Getting 90% of cows to calve in the first six weeks of the calving season is worth €258/ cow/year in the average herd.
The six-week calving rate stands at 58% nationally, but the top 5% of milk producers are achieving over 85%.
Even a 10% increase in the calving rate is worth €80.70/ cow/year, said Dr Laurence Shalloo of Teagasc, Moorepark, at the recent cattle reproduction conference for vets hosted by Interchem Ireland Ltd and Ceva Animal Health, at Horse And Jockey, Co Tipperary.
He said minimising infertility is one of two key drivers of dairy farm productivity and efficiency — along with increased grass utilisation.
Six-week calving rate is the one single trait that reflects the costs of infertility. Key areas for increasing the six-week calving rate are genetic selection, EBI, the fertility sub-index, cross-breeding, submission rates, heat detection aids, pre-breeding management, heat recording, scanning non-cycling cows and treatment and synchronisation, body condition scores, once-daily-milking, transition cow management, supplementation, heifer management, and targeting calving at the start of the calving season.
Success in these areas also makes the dairy farmer’s life easier; Dr Shalloo estimated the potential for one person to manage 100 cows is reduced to 80 cows by infertility. This is due to the longer breeding and calving seasons, more heifers, more calves, the greater likelihood of disease due to buying in extra replacements, increased AI usage and other interventions.
Herds with poorer fertility have higher costs, for more services per conception, more synchronisation and infertility treatments, and scanning requirements. There is also reduced potential for expansion, reduced genetic gain, inability to maintain a closed herd or to sell heifers.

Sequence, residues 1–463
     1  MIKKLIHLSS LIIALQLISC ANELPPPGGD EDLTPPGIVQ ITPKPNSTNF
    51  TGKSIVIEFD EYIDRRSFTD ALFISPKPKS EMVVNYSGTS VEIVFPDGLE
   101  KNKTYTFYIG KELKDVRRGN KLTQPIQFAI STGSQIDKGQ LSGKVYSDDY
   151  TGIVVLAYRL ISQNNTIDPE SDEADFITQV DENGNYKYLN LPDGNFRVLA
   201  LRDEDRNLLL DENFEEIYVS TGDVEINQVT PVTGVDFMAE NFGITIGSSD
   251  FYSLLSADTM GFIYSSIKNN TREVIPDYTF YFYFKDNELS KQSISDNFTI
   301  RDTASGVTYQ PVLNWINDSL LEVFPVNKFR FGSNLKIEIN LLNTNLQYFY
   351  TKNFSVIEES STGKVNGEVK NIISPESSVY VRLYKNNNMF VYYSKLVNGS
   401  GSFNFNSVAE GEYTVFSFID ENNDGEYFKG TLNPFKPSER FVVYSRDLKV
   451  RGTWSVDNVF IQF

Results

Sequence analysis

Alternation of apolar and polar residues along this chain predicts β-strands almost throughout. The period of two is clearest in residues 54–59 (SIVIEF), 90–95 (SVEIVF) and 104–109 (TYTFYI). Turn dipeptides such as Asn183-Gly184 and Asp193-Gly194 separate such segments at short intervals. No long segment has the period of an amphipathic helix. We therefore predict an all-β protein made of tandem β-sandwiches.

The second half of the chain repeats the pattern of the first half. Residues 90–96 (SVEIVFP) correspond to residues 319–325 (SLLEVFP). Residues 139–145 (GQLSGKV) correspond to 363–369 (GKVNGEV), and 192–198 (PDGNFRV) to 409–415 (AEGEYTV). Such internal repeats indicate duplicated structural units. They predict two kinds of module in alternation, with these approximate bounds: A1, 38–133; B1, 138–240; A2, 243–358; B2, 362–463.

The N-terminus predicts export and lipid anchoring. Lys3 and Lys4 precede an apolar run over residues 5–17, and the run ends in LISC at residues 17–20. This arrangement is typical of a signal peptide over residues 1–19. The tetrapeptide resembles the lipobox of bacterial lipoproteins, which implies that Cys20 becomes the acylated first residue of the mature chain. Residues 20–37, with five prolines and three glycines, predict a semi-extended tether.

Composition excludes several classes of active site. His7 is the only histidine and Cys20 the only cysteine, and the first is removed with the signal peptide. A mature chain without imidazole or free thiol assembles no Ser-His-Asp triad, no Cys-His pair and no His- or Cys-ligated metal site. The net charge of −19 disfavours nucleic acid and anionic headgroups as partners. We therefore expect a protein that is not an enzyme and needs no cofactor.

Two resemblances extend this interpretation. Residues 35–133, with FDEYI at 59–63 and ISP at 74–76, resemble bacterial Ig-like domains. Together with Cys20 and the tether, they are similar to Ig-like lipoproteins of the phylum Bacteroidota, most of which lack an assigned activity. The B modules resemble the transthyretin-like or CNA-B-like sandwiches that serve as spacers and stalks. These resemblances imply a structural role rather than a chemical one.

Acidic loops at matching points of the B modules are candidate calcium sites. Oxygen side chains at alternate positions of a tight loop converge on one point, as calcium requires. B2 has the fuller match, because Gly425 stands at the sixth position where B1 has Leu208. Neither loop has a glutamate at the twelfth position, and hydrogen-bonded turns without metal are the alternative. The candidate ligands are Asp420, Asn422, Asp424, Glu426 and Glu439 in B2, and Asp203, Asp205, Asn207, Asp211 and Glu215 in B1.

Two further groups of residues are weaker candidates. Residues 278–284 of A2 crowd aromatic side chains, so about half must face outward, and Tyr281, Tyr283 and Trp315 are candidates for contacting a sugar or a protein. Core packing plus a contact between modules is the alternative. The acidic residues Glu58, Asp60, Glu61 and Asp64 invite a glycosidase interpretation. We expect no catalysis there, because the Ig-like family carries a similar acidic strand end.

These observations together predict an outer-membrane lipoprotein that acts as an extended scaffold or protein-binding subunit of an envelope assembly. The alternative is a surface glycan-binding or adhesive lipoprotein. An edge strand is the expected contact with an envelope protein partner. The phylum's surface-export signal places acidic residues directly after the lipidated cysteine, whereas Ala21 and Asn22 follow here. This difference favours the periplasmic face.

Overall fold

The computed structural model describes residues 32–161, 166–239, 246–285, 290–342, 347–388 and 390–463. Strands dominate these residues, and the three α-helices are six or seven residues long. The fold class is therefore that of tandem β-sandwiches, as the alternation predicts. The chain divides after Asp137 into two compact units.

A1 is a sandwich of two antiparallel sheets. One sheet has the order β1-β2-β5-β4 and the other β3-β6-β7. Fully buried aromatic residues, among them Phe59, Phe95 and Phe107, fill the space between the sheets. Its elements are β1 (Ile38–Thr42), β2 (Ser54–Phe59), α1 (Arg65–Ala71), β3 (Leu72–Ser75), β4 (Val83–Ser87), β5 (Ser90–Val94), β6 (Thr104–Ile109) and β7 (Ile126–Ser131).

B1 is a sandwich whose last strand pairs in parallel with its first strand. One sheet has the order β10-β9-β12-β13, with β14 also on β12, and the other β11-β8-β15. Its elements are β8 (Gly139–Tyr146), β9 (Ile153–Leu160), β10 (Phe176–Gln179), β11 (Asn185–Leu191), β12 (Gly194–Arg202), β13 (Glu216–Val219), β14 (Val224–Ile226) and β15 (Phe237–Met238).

Dr Shalloo said bringing calving dates back from March to February would increase milk yield by 366 litres per cow. March 14 is the average Irish calving date, February 14 is achieved on research farms; March 5 is the target.
Co-ops could have scope to increase milk prices about 0.35 cent per litre if the mean herd calving date comes back to February 14 from March 15, according to Moorepark re-search (assuming 2008-2010 dairy product prices).
Reducing the replacement rate from 28% to 18% would increase yield 163 litres. It averages 28% on farms, 18% on research farms, and 22% is the recommended target.
The optimum replacement rate is thought to be 18% for balance between new genetics, the reduced performance of first calvers, cull cow values, and heifer rearing costs. Compared to fourth lactation cows, first lactation animals produce only 75%; second lactation animals produce 92%.
Calving interval averages 397 days, it’s 365 on research farms, and 373 is the target.
© Irish Examiner Ltd. All rights reserved